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Shadow, Light and Latte

by Aurora Starr

Sitting in the coffee shop I watched with fixed curiosity as a thirty-something woman entered from the rain-soaked sidewalk.  Her choice of attire; a colorful skirt and solid blouse with smartly matched leggings and subtle make-up simply shrieked of someone who was poised and full of purpose. As she carefully ordered some variation of a flat white, caramel, green tea infused what-the-fuckuccino I took note of her face. Was she rushed? Flustered? Indecisive? No, shit, she looked beautiful and confident, didn’t she? One might even say that she appeared to be brimming with self-assurance. I quickly adjusted my sweater, smoothed out my skirt and then thought about shifting my attitude.

Mean Girl – Table for One

My thoughts can quickly leap from that of cool, calm Zen goddess to the founder and CEO of Imposter, Inc. Self-sabotage is something that I’m sure most women and girls are familiar with, but we rarely talk about it. Yet, the inner-mean girl seems to always be waiting just on the other side of the locker room and she is not happy. How am I certain of that? Well, if my thoughts suddenly shift to, “There are people far better and more talented than you. Life comes to them naturally and everything for you is a struggle. You’re going to fail so why even try?” then I know I am committing self-sabotage.  My personal favorite from the Mean Girl Greatest Hits Compilation, “Who do you think you are? Don’t be too happy. You lucked out and people will see through you soon enough.

The Great Pretender

What I just described is known as impostor syndrome and it is produced by feelings and thoughts of worthlessness, insecurity, and devaluation of self. In fact, even high-achievers often fear being exposed as frauds. It can occur when trying something new or even when doing something familiar. It is a constant threat of “being exposed” on a professional and/or personal level as a con-artist, and a belief and bias that most of what you do is all about the timing and people will find out.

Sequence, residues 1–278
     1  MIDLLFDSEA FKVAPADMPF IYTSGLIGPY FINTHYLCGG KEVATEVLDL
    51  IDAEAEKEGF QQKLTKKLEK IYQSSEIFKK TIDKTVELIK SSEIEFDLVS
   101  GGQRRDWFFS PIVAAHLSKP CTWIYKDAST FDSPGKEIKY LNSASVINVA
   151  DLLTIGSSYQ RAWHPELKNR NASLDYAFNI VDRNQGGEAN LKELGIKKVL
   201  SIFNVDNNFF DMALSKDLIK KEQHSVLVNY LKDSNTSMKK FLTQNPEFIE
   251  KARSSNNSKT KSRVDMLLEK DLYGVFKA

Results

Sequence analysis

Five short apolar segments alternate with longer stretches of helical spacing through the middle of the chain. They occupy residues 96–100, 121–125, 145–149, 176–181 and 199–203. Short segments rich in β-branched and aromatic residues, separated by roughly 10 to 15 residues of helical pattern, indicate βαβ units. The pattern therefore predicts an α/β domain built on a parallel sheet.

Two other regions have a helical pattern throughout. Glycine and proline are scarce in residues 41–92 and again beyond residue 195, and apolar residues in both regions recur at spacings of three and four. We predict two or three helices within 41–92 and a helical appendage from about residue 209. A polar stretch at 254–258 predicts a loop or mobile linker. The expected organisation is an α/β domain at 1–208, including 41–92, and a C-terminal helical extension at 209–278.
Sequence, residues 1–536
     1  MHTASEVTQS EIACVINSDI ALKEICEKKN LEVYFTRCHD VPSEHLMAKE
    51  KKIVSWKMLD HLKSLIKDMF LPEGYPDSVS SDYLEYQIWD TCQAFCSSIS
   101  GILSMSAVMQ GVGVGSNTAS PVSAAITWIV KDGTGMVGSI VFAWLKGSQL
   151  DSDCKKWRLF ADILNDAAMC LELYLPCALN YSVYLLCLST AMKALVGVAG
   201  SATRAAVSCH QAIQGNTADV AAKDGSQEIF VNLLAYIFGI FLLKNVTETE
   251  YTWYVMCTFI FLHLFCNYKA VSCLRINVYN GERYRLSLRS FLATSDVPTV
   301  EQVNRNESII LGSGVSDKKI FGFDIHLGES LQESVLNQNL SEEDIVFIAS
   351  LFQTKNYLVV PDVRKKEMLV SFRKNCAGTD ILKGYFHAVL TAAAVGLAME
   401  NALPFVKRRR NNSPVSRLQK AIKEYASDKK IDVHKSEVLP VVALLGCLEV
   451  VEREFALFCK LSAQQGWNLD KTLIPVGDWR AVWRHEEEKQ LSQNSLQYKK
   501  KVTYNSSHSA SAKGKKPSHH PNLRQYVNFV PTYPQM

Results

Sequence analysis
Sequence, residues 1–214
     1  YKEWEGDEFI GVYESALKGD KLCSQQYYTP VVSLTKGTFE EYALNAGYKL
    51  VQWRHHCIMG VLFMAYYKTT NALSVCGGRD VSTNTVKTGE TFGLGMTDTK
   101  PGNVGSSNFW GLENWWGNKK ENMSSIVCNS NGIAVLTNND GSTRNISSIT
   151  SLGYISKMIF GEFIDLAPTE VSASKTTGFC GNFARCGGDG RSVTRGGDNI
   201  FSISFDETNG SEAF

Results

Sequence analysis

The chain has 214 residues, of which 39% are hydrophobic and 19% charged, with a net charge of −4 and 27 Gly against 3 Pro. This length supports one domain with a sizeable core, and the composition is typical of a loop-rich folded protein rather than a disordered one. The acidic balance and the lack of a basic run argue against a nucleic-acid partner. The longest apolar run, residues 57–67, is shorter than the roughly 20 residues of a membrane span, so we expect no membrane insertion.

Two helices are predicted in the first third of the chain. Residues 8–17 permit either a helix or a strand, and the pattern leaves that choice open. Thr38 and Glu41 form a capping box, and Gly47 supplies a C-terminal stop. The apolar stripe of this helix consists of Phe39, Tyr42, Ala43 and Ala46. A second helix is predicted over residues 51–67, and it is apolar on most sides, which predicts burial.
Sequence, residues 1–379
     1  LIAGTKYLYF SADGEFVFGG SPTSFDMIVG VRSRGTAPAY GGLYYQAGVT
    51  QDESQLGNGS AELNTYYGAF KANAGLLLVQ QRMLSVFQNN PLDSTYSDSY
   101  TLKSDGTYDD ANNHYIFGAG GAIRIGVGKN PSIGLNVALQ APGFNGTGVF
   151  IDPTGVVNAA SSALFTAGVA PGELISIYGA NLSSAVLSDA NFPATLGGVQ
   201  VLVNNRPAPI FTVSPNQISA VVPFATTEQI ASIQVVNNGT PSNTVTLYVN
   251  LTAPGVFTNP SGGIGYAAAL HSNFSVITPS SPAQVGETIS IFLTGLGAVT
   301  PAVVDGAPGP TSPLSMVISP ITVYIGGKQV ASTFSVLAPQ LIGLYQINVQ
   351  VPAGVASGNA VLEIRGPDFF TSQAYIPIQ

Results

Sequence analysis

Self-awareness can be a frustrating quality to possess. I know these things, but what do I do with them? Talk to a friend, a therapist, a priest? What good will any of that do? Then the light-bulb goes off, no amount of thinking will change anything. I’m caught in the same self-defeating, help blocking loop that brings me full circle when it comes to self-sabotage. Something must change, and I’m the only one with any control over that realization.

I am not an impostor or a fraud. I am here because I’ve worked for it. There will always be others doing it better than me, but there’s only one me. Period. I have a voice that is my own, and I want to share it with the world. It’s not about being selfish or egocentric. It’s about affirming my right to be alive and engage with others in a meaningful and helpful way. Doubting my self-worth will do little to help.

Now if this is beginning to sound like one of those self-help books or seminars, let me save you the trouble. Stop reading. I won’t mind, really. I am the first one to call bullshit on all the women and men who profess to have the answers to life and happiness and peddle their reality as truth and common sense as some sort of universal awakening.

Being Perfect in My Imperfections